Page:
‘Tried and tested’ cheques here to stay
Despite all the advances in payment technology, financial consumers are reluctant to give up on the chequebook, a survey has claimed.
A poll by Mintel has revealed that two thirds of consumers believe that banks should be forced to continue to offer customers the option of having a chequebook.
There was a link between age and cheque use, with 52 per cent of under-25s having never used a cheque, according to the survey.
Toby Clark, head of financial services for Mintel, said: “There is a strong conservative streak among the British public, as confirmed by the the outcry and subsequent climbdown when banks tried to withdraw support for chequebooks.
“But offering cheques costs banks money, and in the end, that costs all of us money. If people had to pay a little extra if they wanted to have the option of writing a cheque, I’m not sure that they’d still be as set on keeping that service going.”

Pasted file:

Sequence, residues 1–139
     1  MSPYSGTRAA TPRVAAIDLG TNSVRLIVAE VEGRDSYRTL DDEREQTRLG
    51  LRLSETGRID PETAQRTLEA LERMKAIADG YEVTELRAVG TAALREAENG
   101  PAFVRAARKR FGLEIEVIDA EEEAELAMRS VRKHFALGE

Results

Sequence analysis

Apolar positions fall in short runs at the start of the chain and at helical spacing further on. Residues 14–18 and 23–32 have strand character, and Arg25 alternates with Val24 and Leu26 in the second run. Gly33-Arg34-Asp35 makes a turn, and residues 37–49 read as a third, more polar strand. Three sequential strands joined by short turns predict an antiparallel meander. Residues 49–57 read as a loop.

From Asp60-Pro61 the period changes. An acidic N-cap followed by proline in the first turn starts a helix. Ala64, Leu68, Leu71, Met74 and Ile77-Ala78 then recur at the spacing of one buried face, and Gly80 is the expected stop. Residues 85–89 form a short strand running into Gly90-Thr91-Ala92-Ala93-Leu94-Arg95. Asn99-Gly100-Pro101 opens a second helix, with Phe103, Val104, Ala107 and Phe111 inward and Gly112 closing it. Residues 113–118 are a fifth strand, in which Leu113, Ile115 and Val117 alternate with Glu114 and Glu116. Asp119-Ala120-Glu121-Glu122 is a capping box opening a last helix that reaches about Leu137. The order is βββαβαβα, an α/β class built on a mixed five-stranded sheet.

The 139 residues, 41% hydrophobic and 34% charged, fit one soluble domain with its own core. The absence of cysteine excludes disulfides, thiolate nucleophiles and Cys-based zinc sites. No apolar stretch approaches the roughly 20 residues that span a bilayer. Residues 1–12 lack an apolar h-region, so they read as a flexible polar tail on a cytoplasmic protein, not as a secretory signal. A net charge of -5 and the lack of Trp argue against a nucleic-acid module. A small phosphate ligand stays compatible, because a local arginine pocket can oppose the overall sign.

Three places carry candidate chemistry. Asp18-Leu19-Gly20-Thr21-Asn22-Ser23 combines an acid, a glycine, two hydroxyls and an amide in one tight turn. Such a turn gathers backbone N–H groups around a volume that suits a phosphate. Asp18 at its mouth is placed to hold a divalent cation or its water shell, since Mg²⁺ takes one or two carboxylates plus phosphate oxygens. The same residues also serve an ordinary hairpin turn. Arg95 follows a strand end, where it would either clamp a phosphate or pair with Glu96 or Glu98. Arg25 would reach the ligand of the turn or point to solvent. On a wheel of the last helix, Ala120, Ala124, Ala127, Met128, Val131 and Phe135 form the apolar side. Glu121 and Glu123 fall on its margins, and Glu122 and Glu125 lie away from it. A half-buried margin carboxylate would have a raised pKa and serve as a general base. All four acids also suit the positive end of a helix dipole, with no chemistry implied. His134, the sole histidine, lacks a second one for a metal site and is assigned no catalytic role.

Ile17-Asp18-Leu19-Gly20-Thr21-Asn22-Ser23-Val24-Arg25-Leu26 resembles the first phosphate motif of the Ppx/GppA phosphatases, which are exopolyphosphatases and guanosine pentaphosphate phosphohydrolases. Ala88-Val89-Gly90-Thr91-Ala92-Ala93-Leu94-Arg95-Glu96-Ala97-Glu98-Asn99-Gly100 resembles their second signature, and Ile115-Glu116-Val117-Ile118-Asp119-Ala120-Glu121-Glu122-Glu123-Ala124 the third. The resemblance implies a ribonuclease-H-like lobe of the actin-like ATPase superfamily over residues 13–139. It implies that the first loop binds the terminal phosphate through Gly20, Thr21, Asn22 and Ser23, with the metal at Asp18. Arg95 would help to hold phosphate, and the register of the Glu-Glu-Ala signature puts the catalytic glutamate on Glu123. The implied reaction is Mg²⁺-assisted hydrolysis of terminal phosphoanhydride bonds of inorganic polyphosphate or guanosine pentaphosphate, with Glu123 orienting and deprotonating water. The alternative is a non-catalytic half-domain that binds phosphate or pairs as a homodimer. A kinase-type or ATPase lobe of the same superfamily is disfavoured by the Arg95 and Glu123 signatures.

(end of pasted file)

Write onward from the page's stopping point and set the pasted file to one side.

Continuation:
“At the moment, consumers are mainly sticking to the tried and tested. Even people who have been issued with contactless cards are more likely than not to ignore the contactless feature.”
The poll also found there was interest in mobile payments, although many were worried about fraud and security.
Colin Parkin, director of Lincolnshire-based Ample Financial Services, said: “Remembering pin numbers and using debit cards is a pain for the older generation.
“We do take cheques from clients, but we are not seeing as many as we did two years ago.”
Last year, Financial Adviser’s successful Save our Cheques campaign fought on behalf of charities and IFAs who claimed the removal of cheques would limit the way they do business, and hit pensioners and small businesses hardest.